(NewsNation Now) — Hospitals in Arkansas and Mississippi are “at a breaking point” as COVID-19 patients fill up ICUs, leaving less than three dozen open beds in both states combined. Meanwhile in Florida, hospitals are having varying experiences.
A University of Mississippi Medical Center official says there are only six open ICU beds throughout the state.
Dr. LouAnn Woodward, UMMC COVID-19 incident commander, told NewsNation affiliate WJTV that the hospital is seeing more pediatric patients and younger adults who have contracted the Delta variant.
Not only is the medical center over capacity, but the hospital is also short-staffed.
Dr. Alan Jones, a COVID-19 clinical response leader, said UMMC and other hospital systems in the state are “at a breaking point.”
“We are not finite resources,” Jones said. “We can break. We can have to close. I think we’re rapidly heading to that direction.”
In Arkansas, there are only 25 open ICU beds in the state, a record low since the start of COVID-19, according to the state health department.
Arkansas Republican Gov. Asa Hutchinson called the majority-GOP Legislature back into session to revert a state law he signed earlier this year prohibiting school mask mandates. Hutchinson expressed some regret about signing the ban but said the state’s cases were much lower when the bill passed.
“Everything has changed now,” he said Tuesday. “And, yes, in hindsight, I wish that it had not become law.”
The agenda for the session on Wednesday also includes a proposal to prevent the state from having to resume making supplemental unemployment benefits to thousands of residents.
Arkansas and Mississippi have some of the lowest vaccination rates in the country.
In Arkansas, about 36% of the state’s population is fully vaccinated. In Mississippi, it’s only 35%.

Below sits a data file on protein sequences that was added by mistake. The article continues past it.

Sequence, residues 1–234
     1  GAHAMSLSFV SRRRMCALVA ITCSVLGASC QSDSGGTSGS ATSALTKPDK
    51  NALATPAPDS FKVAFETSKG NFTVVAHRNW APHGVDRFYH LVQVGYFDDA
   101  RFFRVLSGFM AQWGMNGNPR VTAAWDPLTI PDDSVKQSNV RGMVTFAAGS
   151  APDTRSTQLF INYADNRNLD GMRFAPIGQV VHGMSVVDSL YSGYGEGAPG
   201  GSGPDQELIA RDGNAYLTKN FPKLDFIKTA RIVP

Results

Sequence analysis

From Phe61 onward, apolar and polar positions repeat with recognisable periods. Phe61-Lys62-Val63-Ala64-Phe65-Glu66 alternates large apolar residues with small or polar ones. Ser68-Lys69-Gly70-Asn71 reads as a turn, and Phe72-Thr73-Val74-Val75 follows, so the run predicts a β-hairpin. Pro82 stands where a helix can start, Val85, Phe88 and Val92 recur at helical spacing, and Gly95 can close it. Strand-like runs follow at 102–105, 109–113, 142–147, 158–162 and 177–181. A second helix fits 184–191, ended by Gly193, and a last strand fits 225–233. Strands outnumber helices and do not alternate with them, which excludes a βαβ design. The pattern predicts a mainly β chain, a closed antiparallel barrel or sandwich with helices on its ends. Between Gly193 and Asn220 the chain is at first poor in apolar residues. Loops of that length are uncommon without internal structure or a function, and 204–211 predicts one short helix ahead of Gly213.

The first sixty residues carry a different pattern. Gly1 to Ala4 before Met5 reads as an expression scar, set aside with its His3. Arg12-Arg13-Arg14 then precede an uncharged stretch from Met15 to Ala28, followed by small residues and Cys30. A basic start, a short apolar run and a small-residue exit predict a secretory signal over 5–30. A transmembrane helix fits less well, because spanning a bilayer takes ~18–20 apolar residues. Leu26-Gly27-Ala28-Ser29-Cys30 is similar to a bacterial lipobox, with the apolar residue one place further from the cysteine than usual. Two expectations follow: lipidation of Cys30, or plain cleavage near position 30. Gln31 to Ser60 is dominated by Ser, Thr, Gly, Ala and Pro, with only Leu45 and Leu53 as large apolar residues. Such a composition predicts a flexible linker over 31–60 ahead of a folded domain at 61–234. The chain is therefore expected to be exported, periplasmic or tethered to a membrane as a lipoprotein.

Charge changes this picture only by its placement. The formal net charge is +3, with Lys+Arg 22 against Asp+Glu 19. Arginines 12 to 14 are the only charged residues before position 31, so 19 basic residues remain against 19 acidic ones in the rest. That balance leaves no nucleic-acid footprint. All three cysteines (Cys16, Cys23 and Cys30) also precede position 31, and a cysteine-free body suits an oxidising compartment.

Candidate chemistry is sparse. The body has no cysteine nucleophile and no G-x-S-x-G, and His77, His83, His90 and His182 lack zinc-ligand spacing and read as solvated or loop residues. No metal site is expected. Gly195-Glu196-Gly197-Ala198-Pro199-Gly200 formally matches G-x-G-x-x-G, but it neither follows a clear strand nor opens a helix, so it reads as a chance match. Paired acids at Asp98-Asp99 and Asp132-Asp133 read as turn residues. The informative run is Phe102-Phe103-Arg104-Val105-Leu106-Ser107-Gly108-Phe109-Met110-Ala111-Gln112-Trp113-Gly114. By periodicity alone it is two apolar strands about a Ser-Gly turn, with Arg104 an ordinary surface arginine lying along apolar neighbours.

According to the Centers for Disease Control and Prevention, around 50% of people in the United States are fully vaccinated.
Florida is also setting records in COVID-19 cases and hospitalizations. But while on a call with the governor Wednesday, CEO’s from major Florida hospitals said perspective is important.
“Right now we have 126 COVID patients. We are a 1041 bed hospital,” said Tampa General CEO John Couris.
“80 percent of our patient census are non COVID patients,” said Broward Health CEO Shane Strum.
While cases are up, deaths are way down because 85 percent of Floridians over the age of 65 are fully vaccinated.
“Mortalities this summer are nowhere close to what they were last summer,” said Jackson Health CEO Carlos Migoya. “Dramatically less.”
While the hospital CEO’s on the call with the governor were not sounding the alarm, others are.
Memorial Health System, one of the largest in Florida, is overflowing and turning cafeterias into patient rooms.
“This is the highest number of patients that Memorial has ever seen,” said Dr. Marc Napp with Memorial Healthcare System. “It’s not the highest number of COVID patients, the highest number of COVID patients was still last summer. However, the numbers are rising and it’s pretty sure we are going to surpass those numbers.”
Part of the problem is hospitals aren’t just seeing more COVID-19 patients, they’re seeing more patients all around. People who delayed medical care because of the pandemic and are now very sick.
“This surge is real,” said Cheryl Wild, the chief nursing officer at Broward Health. “In our hospitals right now between 20 and 30 percent of the patients we are seeing are COVID positive. The rest of the patients we are seeing are acutely ill. These are patients who have put off care during the past 18 months of the pandemic”
NewsNation spoke with Mary Mayhew, the president and CEO of the Florida hospital association, about how this surge in cases is different. See the full interview in the player below.
The Associated Press and NewsNation affiliates KARK and WJTV contributed to this report.